As a Georgetown student in the School of Foreign Service, I can confirm that I have not received any such note of the sort. In any event, if this is in fact true, this position is unsustainable and bizarre given that the world is aware of the contents, why would you not want your prospective diplomatic corps to be aware of it as well?
Message to SIPA students confirmed:
“Don’t Mention the Cables, Future Diplomats,” The New York Times Lede Blog
Ever wondered how long it takes to suspend a PayPal account?
“PayPal Suspends WikiLeaks Account,” The New York Times
“The termination of PayPal’s relationship with WikiLeaks was described in a blog post on the official PayPal blog: PayPal has permanently restricted the account used by WikiLeaks due to a violation of the PayPal Acceptable Use Policy, which states that our payment service cannot be used for any activities that encourage, promote, facilitate or instruct others to engage in illegal activity… Another service, Datacell, which claims on its Web site to be under ‘Swiss/Icelandic control,’ appears to continue to be accepting donations on behalf of WikiLeaks.”
On the Homeland:
“Rep. Ron Paul Makes Special Request Of Wikileaks on Fox’s Freedom Watch,” Mediaite
Republican Congressman Ron Paul goes to bat for WikiLeaks on Fox News and asks for information on the Federal Reserve: “What we need is more Wikileaks on the Federal Reserve. Can you imagine what it would be like if we have every conversation of the last 10 years with the Federal Reserve people and the Federal Reserve chairman, with all the other central bankers of the world, and every agreement and quid pro quo that they have? I mean, it would be massive. The people would be so outraged.”
The View From Britain:
“WikiLeaks Cables Are Dispatches From a Beleaguered America in Imperial Retreat,” The Guardian
“These diplomats who didn’t want us to know their thoughts are not mere cogs in an imperial machine. Many emerge as wise, courageous, patient, likeable men and women– especially the women, who lead so many US embassies. Their view of their host countries is not rosy. You begin to absorb their vision, in which America is the only adult in a world of grasping, corrupt, unreliable teenagers who cannot be abandoned to their own weakness.”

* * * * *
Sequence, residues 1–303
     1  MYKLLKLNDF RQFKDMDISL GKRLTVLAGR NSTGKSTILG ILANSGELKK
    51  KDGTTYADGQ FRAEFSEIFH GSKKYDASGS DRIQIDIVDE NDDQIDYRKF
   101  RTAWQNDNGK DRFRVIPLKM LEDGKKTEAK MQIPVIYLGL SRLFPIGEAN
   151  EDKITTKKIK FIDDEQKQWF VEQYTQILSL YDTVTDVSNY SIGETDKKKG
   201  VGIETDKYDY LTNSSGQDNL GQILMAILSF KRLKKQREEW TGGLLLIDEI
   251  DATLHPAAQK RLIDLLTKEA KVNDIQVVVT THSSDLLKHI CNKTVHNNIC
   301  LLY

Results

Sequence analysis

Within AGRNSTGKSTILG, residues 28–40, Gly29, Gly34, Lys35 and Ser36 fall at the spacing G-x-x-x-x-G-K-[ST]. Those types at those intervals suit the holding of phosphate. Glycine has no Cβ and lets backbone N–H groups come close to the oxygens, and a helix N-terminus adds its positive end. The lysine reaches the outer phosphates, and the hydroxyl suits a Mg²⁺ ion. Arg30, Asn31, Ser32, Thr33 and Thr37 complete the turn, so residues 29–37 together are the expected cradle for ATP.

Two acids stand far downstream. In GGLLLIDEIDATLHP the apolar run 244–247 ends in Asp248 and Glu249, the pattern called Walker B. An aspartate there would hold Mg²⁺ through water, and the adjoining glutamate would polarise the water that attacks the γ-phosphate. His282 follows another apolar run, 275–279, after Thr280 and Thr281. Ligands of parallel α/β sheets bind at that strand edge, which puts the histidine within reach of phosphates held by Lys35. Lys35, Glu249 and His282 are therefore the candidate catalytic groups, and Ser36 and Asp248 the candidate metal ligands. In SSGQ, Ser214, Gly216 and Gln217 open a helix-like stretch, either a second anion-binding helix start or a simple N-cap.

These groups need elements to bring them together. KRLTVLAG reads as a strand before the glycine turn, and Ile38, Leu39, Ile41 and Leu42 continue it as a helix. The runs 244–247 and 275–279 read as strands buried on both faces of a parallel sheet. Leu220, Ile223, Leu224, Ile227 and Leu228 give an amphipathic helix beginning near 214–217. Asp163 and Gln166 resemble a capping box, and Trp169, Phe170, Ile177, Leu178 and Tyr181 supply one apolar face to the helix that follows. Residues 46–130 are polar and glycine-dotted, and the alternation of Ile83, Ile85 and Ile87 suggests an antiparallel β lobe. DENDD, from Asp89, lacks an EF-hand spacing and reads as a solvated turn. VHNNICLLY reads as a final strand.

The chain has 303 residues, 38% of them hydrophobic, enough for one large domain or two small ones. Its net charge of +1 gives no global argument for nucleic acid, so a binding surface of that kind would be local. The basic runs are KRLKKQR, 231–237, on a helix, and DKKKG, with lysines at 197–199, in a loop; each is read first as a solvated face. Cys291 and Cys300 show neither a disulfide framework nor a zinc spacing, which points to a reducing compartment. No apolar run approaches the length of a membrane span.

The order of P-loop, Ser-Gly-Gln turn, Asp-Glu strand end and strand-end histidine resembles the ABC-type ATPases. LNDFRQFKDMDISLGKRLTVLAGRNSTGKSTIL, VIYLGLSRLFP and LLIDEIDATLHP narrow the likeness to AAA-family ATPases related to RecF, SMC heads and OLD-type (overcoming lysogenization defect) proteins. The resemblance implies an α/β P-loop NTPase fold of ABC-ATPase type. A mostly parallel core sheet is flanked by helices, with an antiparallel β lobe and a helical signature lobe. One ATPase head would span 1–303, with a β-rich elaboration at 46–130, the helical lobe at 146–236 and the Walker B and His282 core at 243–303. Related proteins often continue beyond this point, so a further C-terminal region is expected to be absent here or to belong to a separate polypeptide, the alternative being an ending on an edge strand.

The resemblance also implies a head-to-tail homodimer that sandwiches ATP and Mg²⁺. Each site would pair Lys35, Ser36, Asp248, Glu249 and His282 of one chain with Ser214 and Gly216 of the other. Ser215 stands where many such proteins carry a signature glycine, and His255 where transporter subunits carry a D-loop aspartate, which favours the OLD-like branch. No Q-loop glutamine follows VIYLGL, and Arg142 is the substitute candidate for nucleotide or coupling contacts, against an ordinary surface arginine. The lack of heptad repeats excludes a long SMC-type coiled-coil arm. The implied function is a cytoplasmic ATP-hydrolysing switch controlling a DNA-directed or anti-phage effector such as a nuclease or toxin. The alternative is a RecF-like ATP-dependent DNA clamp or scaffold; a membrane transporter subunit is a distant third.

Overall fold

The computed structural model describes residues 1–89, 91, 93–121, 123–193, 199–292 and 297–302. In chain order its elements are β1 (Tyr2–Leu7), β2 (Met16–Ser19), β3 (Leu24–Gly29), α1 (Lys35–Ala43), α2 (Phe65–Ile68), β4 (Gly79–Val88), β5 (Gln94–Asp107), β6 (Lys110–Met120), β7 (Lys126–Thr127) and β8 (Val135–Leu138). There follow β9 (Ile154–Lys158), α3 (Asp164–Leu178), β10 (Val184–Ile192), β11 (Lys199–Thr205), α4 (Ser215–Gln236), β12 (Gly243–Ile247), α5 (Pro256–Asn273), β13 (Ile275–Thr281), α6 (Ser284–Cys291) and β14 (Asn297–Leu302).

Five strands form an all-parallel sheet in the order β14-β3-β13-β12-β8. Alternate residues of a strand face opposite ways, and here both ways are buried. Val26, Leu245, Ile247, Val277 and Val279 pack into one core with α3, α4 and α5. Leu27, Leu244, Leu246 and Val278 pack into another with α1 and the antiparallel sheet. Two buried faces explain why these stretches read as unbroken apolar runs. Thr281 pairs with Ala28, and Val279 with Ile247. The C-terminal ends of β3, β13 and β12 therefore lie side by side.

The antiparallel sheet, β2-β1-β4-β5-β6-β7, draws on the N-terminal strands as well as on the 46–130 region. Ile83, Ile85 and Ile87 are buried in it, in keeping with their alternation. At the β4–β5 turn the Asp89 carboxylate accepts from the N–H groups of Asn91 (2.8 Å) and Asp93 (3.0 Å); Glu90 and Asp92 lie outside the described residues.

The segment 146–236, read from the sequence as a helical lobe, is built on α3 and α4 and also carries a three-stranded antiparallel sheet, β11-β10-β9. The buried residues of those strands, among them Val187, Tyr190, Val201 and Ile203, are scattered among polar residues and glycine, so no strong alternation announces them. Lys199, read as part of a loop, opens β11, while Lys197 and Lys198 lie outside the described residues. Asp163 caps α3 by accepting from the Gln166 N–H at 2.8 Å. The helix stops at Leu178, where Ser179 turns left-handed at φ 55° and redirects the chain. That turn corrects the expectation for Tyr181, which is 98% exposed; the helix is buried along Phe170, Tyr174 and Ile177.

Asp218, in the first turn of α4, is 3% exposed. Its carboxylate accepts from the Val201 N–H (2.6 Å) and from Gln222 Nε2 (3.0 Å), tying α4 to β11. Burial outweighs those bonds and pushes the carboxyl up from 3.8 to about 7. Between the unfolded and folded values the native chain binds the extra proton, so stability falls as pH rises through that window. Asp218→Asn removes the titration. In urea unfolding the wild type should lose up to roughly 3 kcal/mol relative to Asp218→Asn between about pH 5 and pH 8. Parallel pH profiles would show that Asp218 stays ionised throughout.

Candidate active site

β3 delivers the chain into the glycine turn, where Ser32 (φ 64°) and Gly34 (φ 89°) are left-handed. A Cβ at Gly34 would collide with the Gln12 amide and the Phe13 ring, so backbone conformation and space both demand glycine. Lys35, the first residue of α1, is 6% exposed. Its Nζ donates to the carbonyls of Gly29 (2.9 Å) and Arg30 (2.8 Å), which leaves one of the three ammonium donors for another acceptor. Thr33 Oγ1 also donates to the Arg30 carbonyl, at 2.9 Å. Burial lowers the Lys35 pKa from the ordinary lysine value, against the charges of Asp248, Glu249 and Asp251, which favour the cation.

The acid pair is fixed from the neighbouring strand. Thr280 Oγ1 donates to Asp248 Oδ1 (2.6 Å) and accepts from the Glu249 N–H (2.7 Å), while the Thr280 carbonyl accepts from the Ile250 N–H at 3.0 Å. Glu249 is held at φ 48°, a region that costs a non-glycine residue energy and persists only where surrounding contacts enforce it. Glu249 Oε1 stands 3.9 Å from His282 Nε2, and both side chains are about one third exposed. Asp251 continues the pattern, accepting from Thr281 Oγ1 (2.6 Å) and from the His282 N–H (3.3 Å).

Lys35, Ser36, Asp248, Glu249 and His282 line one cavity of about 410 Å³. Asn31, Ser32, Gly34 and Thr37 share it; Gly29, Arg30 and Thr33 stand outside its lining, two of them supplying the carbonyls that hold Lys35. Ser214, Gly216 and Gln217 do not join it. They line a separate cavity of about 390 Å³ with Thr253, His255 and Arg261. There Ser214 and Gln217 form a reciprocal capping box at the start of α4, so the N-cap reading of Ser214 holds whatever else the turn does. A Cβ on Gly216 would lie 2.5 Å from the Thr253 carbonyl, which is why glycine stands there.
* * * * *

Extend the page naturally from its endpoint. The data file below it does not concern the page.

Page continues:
More European Politics:
Efforts to Topple the WikiLeaks Site, the International Cabal, Etc:
Chicago – Passport to understanding the world:
“McCain: Southern Iraq like ‘Chicago in the ’20s,'” Foreign Policy WikiLeaked Blog
“Cameron asked McCain what he thought was happening in the south of Iraq. McCain said he was very worried. He said it was like ‘Chicago in the 20’s’ and ‘could go at any time.'”
World Watch – The Americas:
“Chávez compra lealtades en el seno del Ejército de Bolivia,” El Pais [in Spanish]
Chávez bought himself loyalties among Bolivia’s officer corps. And quite the kicker:
A menudo, los diplomáticos estadounidenses expresan a Washington su hartazgo ante las constantes acusaciones de conspiración que Morales y sus estrechos colaboradores dirigen contra su país “como si estuviera Chávez susurrando al oído”. “Es una pena que el Rey Juan Carlos de España no esté en Bolivia para decir ‘¿por qué no te callas?”, termina una comunicación.
From the sidelines – Iraq:
“US Tries to Keep US Troops in Iraq Away From WikiLeaks,” Agence France Presse
A nice short course in the Aliyev/Corleone memo:
“Azerbaijan: President Aliyev Compared Unfavorably to Hot-Headed Monster in WikiLeaks Cable,” Babylon & Beyond Los Angeles Times Blog
previous related posts:
“Lots of Traffic Today for WikiLeaks Coverage,” December 3, 2010.
Why irreverent is sometimes better than comprehensive. Thank you for reading.
“The Day in Cablegate: As the World Turns…” December 3, 2010.
“Shown Trial,” Fortnight Journal, November 26, 2010.